United States v. Booker created a sea change in the law by rendering the federal sentencing guidelines advisory rather than mandatory. Although it is clear that federal appellate courts are to use the plain error standard when Booker error is raised for the first time on direct appeal, the Supreme Court of the United States offers no guidance in Booker for the proper interpretation of the third plain error prong, when the error prejudices a defendant's substantial rights. This omission has created an intercircuit split over the correct application of the substantial rights prong of plain error review in cases involving Booker error. This Comment argues that the Court should resolve this circuit split by adopting the reasoning of the Sixth Circuit in United States v. Barnett and United States v. Oliver. A presumption of prejudice is appropriate for review of both constitutional and non-constitutional Booker error not only because of the impossibility of proving adverse effect, but also because any other approach will undermine the credibility of the criminal justice system.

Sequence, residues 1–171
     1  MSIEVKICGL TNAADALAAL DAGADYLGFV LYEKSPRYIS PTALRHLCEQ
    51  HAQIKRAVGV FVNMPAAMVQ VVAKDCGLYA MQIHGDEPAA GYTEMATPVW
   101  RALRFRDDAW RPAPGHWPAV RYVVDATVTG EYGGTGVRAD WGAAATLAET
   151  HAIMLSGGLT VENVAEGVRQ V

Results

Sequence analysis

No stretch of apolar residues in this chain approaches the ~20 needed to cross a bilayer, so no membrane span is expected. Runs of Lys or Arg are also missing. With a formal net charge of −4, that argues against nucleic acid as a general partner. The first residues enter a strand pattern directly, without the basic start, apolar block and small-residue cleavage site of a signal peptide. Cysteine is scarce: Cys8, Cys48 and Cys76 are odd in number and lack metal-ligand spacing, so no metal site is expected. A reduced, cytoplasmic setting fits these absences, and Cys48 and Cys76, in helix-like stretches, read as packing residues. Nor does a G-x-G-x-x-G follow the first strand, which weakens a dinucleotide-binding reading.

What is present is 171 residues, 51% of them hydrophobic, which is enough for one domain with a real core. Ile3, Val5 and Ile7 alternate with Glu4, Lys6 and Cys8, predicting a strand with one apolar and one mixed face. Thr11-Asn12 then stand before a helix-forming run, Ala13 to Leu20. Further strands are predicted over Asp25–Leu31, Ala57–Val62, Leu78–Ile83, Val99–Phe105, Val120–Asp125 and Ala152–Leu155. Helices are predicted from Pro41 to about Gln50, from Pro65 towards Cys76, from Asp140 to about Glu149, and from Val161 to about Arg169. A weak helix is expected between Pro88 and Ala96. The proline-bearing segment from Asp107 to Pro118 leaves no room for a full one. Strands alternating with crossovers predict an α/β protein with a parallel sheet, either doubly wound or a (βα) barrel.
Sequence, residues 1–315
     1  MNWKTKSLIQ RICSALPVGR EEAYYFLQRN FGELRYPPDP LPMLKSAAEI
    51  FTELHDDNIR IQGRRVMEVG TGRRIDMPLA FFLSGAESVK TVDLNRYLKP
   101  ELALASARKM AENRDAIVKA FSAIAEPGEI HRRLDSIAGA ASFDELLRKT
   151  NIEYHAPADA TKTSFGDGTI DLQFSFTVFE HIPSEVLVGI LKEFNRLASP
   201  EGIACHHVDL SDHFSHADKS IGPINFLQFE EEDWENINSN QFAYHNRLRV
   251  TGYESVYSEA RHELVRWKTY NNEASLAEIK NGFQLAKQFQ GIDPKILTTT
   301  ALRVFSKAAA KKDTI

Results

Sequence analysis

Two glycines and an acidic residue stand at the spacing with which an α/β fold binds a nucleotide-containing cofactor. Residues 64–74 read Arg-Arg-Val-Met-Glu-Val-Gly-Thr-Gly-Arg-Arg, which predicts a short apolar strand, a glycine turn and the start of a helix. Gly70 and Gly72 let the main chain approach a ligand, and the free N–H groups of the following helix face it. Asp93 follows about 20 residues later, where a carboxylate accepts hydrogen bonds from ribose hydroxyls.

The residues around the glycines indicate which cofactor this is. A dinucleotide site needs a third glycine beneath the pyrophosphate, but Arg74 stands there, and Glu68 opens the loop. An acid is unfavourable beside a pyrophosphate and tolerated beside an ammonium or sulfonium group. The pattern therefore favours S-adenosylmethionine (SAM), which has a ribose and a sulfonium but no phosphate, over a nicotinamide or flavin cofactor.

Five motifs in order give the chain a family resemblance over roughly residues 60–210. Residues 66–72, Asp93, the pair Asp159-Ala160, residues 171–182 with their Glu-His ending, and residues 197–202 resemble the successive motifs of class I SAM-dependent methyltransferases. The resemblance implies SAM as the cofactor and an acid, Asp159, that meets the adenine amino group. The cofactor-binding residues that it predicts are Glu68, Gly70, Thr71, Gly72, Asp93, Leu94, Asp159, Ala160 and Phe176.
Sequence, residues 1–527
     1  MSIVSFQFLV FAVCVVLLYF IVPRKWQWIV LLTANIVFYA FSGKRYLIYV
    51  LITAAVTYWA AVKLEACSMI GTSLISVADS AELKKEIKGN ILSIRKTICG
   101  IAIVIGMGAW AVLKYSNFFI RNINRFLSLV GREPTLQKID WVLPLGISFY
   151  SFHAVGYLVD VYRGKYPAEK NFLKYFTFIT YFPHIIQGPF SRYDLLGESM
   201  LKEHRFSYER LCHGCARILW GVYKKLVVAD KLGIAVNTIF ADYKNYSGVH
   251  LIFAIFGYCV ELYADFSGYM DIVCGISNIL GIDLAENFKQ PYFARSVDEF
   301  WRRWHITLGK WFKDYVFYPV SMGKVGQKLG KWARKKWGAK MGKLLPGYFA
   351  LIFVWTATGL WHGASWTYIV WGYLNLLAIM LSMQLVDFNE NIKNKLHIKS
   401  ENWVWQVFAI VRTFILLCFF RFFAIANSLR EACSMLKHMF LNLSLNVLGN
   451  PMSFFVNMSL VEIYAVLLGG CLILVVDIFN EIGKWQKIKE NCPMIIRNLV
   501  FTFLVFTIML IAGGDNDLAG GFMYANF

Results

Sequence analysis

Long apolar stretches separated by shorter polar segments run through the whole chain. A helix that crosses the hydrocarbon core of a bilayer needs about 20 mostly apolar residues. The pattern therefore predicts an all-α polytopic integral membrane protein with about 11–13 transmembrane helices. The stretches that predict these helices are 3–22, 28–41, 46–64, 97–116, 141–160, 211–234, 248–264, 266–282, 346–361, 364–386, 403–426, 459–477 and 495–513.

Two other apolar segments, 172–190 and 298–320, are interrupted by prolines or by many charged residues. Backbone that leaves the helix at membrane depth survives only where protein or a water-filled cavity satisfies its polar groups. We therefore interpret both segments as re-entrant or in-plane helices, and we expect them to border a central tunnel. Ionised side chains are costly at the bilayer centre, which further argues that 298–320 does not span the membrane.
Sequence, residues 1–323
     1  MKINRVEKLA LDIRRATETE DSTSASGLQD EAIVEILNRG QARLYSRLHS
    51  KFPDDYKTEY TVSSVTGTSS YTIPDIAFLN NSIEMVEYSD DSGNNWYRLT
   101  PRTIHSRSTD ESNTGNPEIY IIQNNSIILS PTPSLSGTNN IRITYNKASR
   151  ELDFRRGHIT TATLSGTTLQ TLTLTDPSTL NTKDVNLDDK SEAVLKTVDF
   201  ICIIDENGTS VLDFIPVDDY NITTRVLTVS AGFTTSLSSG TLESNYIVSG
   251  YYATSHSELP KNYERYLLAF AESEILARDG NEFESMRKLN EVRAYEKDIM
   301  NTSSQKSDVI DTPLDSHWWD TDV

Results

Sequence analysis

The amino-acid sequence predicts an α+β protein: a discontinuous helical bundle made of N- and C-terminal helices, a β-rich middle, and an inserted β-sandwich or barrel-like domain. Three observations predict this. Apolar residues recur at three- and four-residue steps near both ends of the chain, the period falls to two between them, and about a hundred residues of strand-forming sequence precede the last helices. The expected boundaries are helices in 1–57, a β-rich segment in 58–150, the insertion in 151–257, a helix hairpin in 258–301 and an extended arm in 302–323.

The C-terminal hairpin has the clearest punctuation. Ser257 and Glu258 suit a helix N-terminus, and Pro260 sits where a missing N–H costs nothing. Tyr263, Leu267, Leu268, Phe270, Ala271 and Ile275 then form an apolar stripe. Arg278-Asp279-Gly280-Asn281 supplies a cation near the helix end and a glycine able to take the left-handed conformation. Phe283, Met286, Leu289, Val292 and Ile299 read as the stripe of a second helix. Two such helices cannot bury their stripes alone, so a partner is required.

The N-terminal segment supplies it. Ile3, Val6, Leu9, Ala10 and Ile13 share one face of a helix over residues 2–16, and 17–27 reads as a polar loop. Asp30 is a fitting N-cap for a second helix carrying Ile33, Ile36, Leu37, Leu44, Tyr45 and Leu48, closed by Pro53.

Deborah S. Nall,
United States v. Booker: The Presumption of Prejudice in Plain Error Review,
Chi.-Kent L. Rev.
Available at: https://scholarship.kentlaw.iit.edu/cklawreview/vol81/iss2/12